How to fight bypass failure
Date: February 28, 2011
Pity the poor venous graft. Though they may provide the most plentiful source of replacement vessels for surgeons facing an extensively diseased heart, veins harvested from a patient’s legs are never a surgeon’s first choice.
But after a lengthy four-center study into vein graft failures, Johns Hopkins scientists are preparing to wage a better argument with veins’ intelligent designer. “God did not make veins to be turned into arteries,” says cardiologist Jeffrey Rade. “When you try to do that, they can act in unpredictable ways.”
The trick now, says Rade, is to devise new methods to reduce the unpredictabilities of venous grafts. But first, scientists had to untangle the mysteries behind why they clot off too easily.
The background is that cardiac surgeons have been forced to make peace with vein grafts. According to study co-investigator John Conte, surgeons usually count on one or two single available arteries—the left and right internal mammary arteries—conveniently located within every rib cage right next to the heart. But for additional bypass, surgeons typically resort to the leg veins.
The trouble with veins, as surgeons know, stems from venous tissues’ native purpose of moving the body’s low-pressure blood flow back to the heart. When asked to do the job of an artery, veins can suffer from the unaccustomed stress on their vessel walls, prompting lesions around which sticky blood platelets might gather and bloom.
In response, cardiologists have learned to equip post-bypass patients with agents aimed at reducing the likelihood of venous graft clotting, typically using low-cost anticoagulants such as aspirin or Coumadin, or more specialized medicines like clopidogrel.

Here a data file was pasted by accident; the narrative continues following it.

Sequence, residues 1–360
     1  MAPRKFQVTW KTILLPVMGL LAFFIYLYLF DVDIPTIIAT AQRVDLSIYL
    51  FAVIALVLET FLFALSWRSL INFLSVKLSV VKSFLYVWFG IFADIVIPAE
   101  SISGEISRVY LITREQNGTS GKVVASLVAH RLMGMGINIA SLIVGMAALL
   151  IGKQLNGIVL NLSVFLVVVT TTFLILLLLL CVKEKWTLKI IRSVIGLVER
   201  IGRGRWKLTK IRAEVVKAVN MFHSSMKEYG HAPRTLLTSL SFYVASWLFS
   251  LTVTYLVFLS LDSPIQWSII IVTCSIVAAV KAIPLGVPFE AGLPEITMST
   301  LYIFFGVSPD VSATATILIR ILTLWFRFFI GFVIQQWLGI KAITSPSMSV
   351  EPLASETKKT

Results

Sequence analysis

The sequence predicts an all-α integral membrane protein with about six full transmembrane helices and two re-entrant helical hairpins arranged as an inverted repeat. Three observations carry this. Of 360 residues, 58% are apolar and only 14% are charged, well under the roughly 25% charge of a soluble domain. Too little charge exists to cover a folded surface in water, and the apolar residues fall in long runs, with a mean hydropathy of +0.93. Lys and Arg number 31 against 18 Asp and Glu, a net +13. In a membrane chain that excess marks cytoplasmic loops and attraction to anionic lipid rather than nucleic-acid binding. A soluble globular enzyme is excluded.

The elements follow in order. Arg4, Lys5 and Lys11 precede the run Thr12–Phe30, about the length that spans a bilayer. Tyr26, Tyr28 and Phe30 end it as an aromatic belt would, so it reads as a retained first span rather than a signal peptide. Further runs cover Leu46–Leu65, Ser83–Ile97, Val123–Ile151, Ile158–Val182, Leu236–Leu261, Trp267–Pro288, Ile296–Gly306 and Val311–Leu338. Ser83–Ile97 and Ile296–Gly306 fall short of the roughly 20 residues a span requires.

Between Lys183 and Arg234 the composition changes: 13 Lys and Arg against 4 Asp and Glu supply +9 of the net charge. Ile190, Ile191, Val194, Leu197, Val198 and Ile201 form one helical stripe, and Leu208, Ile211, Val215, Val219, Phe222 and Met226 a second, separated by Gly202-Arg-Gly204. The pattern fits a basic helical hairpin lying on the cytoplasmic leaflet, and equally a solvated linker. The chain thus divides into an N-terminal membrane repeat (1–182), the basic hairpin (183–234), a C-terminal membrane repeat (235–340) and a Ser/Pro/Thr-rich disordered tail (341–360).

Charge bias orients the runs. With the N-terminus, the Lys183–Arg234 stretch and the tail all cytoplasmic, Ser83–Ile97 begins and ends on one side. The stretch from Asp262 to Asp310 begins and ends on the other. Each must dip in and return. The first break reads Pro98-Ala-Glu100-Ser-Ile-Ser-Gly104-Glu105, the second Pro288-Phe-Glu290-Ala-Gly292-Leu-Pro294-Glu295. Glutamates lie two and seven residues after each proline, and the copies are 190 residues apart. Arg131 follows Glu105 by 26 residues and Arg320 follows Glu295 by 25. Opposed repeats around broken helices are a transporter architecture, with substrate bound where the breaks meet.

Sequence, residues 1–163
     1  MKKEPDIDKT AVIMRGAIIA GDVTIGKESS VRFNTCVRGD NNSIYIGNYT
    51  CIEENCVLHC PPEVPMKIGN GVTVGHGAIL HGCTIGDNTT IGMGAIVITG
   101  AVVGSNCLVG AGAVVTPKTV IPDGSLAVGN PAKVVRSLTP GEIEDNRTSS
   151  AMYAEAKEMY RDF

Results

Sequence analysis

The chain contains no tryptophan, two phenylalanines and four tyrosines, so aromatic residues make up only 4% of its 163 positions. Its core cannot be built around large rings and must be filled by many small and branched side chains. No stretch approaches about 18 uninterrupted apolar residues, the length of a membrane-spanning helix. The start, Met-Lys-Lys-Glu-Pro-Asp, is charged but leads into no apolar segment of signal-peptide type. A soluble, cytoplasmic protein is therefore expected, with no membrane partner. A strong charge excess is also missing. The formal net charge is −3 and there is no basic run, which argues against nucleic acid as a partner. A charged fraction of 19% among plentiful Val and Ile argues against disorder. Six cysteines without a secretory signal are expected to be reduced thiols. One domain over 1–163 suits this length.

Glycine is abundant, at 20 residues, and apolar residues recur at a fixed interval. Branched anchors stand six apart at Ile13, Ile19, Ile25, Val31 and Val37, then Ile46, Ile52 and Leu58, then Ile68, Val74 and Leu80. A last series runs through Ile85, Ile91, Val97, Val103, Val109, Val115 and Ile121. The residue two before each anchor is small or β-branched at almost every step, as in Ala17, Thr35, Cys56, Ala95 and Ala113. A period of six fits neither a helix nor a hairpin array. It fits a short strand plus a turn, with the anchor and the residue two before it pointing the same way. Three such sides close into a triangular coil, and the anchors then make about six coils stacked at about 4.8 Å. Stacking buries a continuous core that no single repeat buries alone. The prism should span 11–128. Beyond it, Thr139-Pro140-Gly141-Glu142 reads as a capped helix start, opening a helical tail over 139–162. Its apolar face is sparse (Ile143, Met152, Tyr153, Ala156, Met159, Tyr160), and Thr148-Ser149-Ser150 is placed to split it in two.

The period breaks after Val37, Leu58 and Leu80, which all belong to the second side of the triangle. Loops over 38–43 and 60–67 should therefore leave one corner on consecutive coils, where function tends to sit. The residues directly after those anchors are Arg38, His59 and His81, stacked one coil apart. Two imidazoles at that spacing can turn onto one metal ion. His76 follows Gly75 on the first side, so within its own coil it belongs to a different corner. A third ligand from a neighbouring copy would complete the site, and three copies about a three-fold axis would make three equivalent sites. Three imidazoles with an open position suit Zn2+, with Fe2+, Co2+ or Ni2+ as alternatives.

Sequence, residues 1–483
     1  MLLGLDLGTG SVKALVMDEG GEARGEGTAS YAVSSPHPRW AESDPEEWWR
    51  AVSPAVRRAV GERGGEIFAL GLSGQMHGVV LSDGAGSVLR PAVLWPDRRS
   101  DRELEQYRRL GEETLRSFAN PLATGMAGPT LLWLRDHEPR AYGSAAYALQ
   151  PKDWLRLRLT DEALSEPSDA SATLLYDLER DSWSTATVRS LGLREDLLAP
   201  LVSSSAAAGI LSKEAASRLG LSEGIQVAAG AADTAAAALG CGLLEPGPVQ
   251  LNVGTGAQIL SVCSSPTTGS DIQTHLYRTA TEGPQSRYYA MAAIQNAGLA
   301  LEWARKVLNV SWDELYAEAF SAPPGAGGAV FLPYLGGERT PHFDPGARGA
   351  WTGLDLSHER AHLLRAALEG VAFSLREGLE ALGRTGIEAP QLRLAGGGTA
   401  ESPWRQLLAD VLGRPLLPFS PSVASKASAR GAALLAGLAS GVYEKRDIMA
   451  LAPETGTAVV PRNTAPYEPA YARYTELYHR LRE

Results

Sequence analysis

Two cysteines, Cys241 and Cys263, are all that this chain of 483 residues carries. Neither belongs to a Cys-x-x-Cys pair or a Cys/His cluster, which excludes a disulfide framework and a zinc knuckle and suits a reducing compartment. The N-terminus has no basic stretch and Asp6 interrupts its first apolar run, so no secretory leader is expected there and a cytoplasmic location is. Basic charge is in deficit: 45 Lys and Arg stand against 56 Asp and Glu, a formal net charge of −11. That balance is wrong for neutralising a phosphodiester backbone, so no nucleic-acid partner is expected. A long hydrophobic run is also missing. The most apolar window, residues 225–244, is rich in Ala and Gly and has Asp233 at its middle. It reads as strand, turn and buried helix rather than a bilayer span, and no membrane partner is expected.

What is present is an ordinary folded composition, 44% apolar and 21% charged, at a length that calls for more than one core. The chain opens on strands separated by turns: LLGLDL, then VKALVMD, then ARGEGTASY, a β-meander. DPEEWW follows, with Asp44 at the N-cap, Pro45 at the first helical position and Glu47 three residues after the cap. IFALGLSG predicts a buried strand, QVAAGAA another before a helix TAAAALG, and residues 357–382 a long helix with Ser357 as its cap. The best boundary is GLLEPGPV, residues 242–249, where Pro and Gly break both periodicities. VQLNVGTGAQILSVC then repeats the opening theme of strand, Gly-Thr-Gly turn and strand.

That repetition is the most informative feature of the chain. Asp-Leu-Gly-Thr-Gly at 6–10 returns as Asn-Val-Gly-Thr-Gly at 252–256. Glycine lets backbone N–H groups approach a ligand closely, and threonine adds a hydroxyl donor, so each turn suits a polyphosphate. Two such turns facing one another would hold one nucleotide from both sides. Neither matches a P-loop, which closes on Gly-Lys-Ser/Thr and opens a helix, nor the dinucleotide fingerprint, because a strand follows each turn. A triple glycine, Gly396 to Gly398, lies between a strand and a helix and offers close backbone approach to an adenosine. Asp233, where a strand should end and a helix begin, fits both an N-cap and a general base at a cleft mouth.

Yet the advances too often come up short. It’s well known in cardiac circles, says Rade, that more than half of venous grafts will be completely blocked off within 10 years after the surgery. It also turns out, according to the new Hopkins-led study results, that one in five vein grafts blocks off within six months of surgery, usually because of blood clots.
To find out why, Rade and his research colleagues first drilled down into the world of platelets, hoping to learn which of the many anticoagulation agents did the best job. Their chief suspect was aspirin, which many physicians have come to believe meets with resistance in an unknown number of patients.
Each of the 297 study patients was equipped with a daily aspirin. In the course of what Rade calls “a broad array of assays” to assess relationships between anticoagulation therapies and graft patency, Rade’s group found that a teensy 1 percent of patients showed evidence of so-called aspirin resistance.
But what did show up in a surprising number of patients with occluded vein grafts was an unusually high level of the metabolite thromboxane, a clotting-related factor. “So aspirin is doing what aspirin should do in over 99 percent of people,” says Rade, but the thromboxane rise posed a new mystery. “Our conclusion is that thromboxane may not be coming from platelets,” says Rade, “but somehow thromboxane is predicting risk.”
When combined with some of the study’s other assays—most prominently one that could gauge the physiological effects of “shear stress” on platelet activation—Rade says anticoagulation regimens could be much more refined for future bypass patients.
“This is a very impressive but subtle finding,” he says. “It’s more complicated than we first thought. This is the first study to say that there are specific coagulation-related factors that impact graft failure. The practical application is this: Is there a way we can measure people preoperatively and stratify them into high- and low-risk groups?”
If yes, then high-risk patients can be recommended for less-invasive solutions like angioplasty and/or medicine. If bypass is still deemed necessary, surgeons can remain more conservative with grafting in favor of arteries only.
And then, what Rade calls the “opening of a whole new field of study” can spur the search for identifying other platelet inhibitors that can do what aspirin cannot. “There’s been a problem here,” says Rade, “and now we’re figuring out what that problem is.